- Living conditions difficult for many Iranians
- Expert calls for release of those detained for exercising their rights
- Law allowing death sentence for children must be abolished
GENEVA (11 March 2019) – Worrying patterns of intimidation, arrest, prosecution, and ill-treatment of human rights defenders, lawyers, and labour rights activists in Iran signal an increasingly severe State response to protests and strikes in the country, a UN expert said today.
Javaid Rehman, the Special Rapporteur on human rights in Iran, said rising inflation, difficult working conditions, late or unpaid wages, falling living standards, and increased challenges in accessing adequate work, food, health care, and water was making life harder for many Iranians.
“Today, the people of Iran face a myriad of challenges,” he told the Human Rights Council in Geneva. “Many have voiced their concern through protests, demonstrations, and strikes. People from diverse sections of society - from truck drivers to teachers to factory workers - across the country have protested.”
“It is in this context of increased challenges that concerns are mounting about human rights, including the rights to freedom of peaceful assembly and to association in Iran,” he said, calling on the Government to release all those detained for exercising such rights.
Presenting his first report to the Council, Rehman said the re-imposition of secondary sanctions by the United States of America had further increased concerns for the welfare of ordinary Iranians.
The Special Rapporteur welcomed positive developments including a significant reduction in the number of those executed for drug offences in 2018. He further described his engagement with the Government on issues of concern, reiterated his request to visit Iran, and invited the Government to engage with him on the substance and content of his report.
The report identified an issue of particular concern: the law that allows girls as young as 9 years old, and boys as young as 15 to be sentenced to death for certain crimes.
As a result, individuals aged below the age of 18 when they allegedly committed certain crimes have been executed in breach of Iran’s international obligations, he said.
Whilst acknowledging the efforts of the Government to support mediation and amendments to the Penal Code aimed at reducing the executions of child offenders, the Special Rapporteur said that at least six child offenders had been executed last year, and according to information received at least 85 remain on death row.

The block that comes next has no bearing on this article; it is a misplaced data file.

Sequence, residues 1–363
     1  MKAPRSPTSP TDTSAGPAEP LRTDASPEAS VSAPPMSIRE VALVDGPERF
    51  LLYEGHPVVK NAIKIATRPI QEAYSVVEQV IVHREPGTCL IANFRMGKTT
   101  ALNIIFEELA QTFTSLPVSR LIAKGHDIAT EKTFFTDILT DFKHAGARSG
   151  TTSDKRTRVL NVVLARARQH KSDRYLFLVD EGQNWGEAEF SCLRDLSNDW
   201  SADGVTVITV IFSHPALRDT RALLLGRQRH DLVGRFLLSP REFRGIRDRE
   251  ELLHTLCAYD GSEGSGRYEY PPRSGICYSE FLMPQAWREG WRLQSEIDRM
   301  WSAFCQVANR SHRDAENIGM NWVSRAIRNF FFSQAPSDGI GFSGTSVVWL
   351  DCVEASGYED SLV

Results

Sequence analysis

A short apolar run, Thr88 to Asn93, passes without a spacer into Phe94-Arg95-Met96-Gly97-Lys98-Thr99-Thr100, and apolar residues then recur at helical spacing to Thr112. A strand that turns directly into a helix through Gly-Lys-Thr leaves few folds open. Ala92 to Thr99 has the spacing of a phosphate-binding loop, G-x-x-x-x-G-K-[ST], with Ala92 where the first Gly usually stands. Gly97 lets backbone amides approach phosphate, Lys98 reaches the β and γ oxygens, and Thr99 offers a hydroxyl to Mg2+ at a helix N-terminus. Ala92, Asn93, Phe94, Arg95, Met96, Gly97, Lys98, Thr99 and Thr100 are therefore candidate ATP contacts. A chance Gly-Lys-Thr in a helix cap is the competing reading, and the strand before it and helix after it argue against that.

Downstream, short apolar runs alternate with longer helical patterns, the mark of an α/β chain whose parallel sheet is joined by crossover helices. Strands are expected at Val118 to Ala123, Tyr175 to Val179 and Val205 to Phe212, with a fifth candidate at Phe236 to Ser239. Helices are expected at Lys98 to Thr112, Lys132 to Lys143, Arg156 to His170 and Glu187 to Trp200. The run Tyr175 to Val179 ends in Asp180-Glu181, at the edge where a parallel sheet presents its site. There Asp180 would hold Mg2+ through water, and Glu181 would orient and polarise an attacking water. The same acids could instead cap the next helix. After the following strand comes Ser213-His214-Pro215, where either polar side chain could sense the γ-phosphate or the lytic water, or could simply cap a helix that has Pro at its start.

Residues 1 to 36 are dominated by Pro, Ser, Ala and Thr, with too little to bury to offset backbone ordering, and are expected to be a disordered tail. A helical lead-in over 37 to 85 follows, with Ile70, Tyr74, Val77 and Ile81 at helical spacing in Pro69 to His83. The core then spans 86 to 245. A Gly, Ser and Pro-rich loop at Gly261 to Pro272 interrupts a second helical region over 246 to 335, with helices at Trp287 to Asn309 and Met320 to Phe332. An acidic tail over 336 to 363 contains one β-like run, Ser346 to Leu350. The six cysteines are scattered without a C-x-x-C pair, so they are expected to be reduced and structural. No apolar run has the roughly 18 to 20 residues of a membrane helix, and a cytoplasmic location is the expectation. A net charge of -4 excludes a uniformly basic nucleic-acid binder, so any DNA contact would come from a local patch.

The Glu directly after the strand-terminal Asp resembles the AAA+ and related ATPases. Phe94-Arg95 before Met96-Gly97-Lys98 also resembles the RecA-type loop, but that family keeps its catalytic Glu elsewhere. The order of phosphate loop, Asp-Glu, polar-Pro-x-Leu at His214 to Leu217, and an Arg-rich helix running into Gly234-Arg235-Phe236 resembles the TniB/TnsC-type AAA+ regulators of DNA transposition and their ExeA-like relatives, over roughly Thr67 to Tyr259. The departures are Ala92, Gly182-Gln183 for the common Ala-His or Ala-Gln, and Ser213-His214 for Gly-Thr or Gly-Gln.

The Special Rapporteur also said that “the practice, illustrated in numerous cases reviewed, of waiting until the child offender reaches the age of 18 before execution, repeated postponements, and the inherent vulnerability of the child given his or her age, amounts to a pattern of torture and other ill-treatment”.
He further noted that he was following “in the footsteps of every relevant international human rights mechanism” and “also following debate within the country in this issue” in appealing to the Iranian authorities to abolish the practice of sentencing children to death, and to commute all death sentences issued against children in line with international law.
The Special Rapporteur also highlighted the alarming health situations of numerous imprisoned individuals such as human rights defender Arash Sadeghi.
More broadly on the right to health in the country, he said he was increasingly concerned about the impact on the availability and cost of medicines, medical services, supplies and equipment following the re-imposition of secondary sanctions by the US in November 2018 and related restrictions placed on financial transactions. He called on “all States to take all possible steps to ensure that humanitarian and procedural safeguards and exemptions prevent a harmful impact on the enjoyment of human rights in Iran in policy and practice”.
Rehman also highlighted the situation of prominent woman human rights lawyer Nasrin Sotoudeh who was reportedly convicted last week of charges related to her work and could face a lengthy prison sentence. Other issues raised in his report include concerns regarding the right to life and to fair trial, the situation of detained foreign and dual nationals, and the treatment of religious and ethnic minorities.
Javaid Rehman is a Professor of International Human Rights Law and Muslim Constitutionalism at Brunel University, London. Mr Rehman teaches human rights law and Islamic law and continues to publish extensively in the subjects of international human rights law, Islamic law and constitutional practices of Muslim majority States. Several of his published works have been translated into various languages. As a human rights lawyer, Mr Rehman has also provided legal opinions in various high-profile cases in a number of jurisdictions.
The Special Rapporteurs are part of what is known as the Special Procedures of the Human Rights Council. Special Procedures, the largest body of independent experts in the UN Human Rights system, is the general name of the Council’s independent fact-finding and monitoring mechanisms that address either specific country situations or thematic issues in all parts of the world. Special Procedures experts work on a voluntary basis; they are not UN staff and do not receive a salary for their work. They are independent from any government or organization and serve in their individual capacity.
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